At the county assizes, Sarah Macey (21), servant, was indicted for endeavouring to conceal the birth of a male child on the 10th, November, 1874. Eliza Still, the wife of a labourer, said she recollected the 9th, November, as she was at Mr Miles’s house on account of her having left home. She slept with the prisoner that night. The prisoner was a servant there. At about two o’clock the next day she went to Mr Miles’s again, and on going into the closet saw marks of fresh blood on the seat of the floor. In consequence of this the closet was searched and the body of a male child found on top of the soil. The police were sent for and the witness ordered the prisoner to go to bed, but she refused, declaring there was nothing the matter with her; she afterwards went to bed. The policeman came and took the body from the closet. On being charged the prisoner said “I do not know anything about it; I never saw it”. Edward Wykes, surgeon of Shaftesbury stated that he examined the prisoner and found she had recently given birth to a child. He also examined the child’s body and found it was not born alive; in fact decomposition had set in, showing that the infant had been dead some time.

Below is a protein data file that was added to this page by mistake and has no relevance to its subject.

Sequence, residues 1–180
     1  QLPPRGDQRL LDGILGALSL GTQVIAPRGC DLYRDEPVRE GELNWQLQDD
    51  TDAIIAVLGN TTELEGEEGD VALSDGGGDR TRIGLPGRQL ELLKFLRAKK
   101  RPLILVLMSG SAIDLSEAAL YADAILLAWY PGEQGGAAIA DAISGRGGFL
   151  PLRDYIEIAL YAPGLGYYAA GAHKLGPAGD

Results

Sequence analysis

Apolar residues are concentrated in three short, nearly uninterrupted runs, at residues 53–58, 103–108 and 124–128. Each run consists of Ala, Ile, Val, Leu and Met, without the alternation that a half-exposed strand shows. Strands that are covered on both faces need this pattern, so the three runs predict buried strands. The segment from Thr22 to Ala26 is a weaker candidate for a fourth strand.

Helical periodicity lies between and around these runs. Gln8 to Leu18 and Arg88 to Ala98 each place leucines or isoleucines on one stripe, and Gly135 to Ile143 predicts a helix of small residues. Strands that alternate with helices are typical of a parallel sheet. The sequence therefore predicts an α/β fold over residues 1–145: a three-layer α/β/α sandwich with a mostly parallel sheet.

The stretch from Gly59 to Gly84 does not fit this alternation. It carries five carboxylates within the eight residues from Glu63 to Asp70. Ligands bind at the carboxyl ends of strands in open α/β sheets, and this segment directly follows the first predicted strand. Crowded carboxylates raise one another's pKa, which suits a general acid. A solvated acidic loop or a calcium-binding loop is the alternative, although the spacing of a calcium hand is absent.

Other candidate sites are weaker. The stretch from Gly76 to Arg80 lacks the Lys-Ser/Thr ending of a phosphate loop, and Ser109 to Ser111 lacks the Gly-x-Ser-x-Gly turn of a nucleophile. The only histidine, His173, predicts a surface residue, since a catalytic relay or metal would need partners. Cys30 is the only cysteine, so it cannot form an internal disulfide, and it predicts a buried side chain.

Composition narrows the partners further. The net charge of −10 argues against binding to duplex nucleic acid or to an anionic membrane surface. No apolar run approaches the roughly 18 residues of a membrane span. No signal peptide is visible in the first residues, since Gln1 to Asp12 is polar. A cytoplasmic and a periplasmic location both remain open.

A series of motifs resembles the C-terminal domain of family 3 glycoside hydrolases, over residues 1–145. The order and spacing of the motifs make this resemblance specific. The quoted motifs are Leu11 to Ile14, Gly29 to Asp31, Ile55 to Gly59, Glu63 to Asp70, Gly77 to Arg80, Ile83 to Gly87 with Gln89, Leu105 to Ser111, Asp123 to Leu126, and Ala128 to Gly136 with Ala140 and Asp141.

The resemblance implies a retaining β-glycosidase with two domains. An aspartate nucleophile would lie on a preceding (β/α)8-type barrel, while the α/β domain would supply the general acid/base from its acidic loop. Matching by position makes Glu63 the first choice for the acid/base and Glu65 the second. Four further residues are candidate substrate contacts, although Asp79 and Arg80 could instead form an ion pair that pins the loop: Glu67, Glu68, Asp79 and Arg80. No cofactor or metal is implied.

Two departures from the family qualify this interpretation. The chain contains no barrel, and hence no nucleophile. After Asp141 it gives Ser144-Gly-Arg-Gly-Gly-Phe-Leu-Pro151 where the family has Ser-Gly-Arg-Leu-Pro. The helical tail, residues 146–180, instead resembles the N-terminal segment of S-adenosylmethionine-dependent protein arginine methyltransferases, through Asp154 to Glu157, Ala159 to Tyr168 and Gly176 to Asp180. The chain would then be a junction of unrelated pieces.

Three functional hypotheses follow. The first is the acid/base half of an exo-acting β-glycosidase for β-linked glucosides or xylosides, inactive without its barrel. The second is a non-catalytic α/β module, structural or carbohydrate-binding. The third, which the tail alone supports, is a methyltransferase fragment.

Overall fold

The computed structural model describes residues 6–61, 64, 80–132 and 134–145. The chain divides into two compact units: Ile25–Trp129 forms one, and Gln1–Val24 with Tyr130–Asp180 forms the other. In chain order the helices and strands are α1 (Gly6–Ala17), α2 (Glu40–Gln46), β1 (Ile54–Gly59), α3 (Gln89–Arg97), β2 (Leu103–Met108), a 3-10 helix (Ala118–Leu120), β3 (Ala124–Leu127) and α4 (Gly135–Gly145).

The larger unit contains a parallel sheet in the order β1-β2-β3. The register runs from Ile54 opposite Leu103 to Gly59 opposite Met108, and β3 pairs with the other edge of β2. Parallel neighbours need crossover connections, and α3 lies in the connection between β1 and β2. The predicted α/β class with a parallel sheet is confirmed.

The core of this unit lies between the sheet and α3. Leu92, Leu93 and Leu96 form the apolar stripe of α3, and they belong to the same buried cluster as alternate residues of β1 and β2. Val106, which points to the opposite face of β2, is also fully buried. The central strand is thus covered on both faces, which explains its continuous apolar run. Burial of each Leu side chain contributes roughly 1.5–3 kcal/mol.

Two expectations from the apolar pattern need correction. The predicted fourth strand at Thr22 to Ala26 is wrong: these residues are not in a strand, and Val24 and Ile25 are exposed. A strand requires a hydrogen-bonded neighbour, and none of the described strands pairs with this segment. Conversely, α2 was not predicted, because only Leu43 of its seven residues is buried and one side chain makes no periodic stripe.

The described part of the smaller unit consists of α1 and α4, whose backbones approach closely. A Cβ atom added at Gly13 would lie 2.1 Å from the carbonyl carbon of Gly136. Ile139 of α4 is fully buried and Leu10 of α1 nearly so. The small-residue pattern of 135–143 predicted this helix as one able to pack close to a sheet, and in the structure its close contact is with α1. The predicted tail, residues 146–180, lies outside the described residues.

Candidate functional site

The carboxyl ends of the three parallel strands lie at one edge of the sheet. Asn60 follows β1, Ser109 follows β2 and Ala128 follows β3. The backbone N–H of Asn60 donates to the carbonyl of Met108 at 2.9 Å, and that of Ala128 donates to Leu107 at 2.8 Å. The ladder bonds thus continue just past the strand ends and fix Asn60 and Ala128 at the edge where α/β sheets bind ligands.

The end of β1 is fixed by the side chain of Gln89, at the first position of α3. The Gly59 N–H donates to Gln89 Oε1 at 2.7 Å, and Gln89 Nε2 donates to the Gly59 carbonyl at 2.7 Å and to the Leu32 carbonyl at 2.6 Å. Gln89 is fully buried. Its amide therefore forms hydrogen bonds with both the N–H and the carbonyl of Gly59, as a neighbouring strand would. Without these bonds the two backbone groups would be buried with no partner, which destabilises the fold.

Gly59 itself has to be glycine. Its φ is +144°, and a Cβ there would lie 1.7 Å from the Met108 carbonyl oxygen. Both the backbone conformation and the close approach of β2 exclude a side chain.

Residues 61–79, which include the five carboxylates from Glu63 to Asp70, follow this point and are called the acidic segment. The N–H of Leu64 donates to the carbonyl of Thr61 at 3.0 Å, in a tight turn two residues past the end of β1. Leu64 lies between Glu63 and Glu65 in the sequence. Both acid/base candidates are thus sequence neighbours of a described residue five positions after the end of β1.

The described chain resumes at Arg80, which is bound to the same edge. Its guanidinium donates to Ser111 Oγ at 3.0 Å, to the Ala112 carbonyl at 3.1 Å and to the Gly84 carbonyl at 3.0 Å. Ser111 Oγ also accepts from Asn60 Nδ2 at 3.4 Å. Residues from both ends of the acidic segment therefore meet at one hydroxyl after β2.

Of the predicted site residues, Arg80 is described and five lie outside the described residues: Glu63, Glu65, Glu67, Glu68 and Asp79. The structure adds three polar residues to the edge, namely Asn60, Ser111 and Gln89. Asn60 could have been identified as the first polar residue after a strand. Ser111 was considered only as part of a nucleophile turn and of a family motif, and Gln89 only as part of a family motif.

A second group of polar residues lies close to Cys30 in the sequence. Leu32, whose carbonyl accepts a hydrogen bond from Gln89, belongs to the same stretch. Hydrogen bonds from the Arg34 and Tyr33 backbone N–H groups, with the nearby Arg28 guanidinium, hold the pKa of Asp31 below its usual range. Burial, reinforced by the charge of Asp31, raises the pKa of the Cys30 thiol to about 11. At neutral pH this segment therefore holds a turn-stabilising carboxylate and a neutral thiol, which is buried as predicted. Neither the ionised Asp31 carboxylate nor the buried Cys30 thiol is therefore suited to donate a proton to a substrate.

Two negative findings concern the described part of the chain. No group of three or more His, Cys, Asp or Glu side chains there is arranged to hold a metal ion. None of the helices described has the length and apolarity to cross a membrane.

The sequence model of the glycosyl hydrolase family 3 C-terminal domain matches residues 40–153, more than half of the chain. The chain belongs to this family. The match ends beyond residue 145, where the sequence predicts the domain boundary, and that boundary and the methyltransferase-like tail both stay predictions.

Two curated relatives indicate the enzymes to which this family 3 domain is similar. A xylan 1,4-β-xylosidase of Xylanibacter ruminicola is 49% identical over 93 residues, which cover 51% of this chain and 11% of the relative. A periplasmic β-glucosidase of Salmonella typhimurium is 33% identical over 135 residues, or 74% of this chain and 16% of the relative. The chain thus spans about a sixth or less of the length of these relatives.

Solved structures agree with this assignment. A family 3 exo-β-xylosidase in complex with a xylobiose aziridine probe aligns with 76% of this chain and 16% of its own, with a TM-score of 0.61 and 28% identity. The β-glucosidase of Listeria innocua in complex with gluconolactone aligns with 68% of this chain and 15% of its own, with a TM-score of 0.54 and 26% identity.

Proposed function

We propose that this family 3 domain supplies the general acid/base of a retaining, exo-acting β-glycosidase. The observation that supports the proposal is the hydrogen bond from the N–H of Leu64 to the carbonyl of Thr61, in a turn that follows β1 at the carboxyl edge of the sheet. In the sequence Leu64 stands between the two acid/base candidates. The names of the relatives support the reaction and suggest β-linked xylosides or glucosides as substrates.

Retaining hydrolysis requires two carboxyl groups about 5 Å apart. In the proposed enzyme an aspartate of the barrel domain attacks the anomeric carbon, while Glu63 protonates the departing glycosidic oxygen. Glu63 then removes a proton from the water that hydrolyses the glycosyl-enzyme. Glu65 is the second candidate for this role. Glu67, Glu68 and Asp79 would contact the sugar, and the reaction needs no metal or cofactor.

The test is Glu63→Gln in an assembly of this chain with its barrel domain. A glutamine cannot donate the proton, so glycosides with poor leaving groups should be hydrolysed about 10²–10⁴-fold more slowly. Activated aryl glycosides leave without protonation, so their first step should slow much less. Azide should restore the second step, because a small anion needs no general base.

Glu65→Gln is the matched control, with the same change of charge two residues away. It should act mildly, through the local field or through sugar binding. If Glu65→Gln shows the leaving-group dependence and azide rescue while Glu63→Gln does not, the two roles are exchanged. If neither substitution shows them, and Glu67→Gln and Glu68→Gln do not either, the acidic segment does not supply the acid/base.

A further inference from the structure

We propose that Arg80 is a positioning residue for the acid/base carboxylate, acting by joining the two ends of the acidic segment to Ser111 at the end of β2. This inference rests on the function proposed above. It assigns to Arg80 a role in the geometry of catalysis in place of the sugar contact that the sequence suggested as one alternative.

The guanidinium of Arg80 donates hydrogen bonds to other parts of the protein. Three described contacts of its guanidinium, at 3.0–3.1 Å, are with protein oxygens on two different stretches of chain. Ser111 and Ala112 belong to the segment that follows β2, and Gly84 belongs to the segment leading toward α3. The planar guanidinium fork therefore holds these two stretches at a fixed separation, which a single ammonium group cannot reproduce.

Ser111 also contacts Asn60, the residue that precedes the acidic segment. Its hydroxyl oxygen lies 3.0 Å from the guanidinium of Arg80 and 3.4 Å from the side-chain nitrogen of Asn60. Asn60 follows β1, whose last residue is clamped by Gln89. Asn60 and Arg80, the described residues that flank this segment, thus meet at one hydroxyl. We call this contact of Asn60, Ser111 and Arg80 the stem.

The outcome was that the judge directed the jury and, because no act of disposal had been committed, they returned a verdict of not guilty.

The 1871 census indicates that Frederick G. Miles lived on the road from Bedchester to Fontmell. He was described as a Farmer & Miller of 80 acres, employing 4 men and 3 boys. As a Miller, it is likely that his home was Piper’s Mill. In 1871, he was a 43 year old man, living with his wife. It is of course possible that he was at Hurdles Farm.

There is no sign of Sarah Macey in the village in 1871. 

23rd, April, 1875.

A fire, which nearly proved fatal to a child, occurred in some cottages belonging to and occupied by persons named Dibben. It is believed that the fire was caused by a lad who is a lunatic, and had it not been for the same lad, an infant which was in one of the houses, must have been burnt to death. The two cottages were reduced to ashes, and the larger portion of the poor people’s furniture destroyed.

 June , 17th, 1887.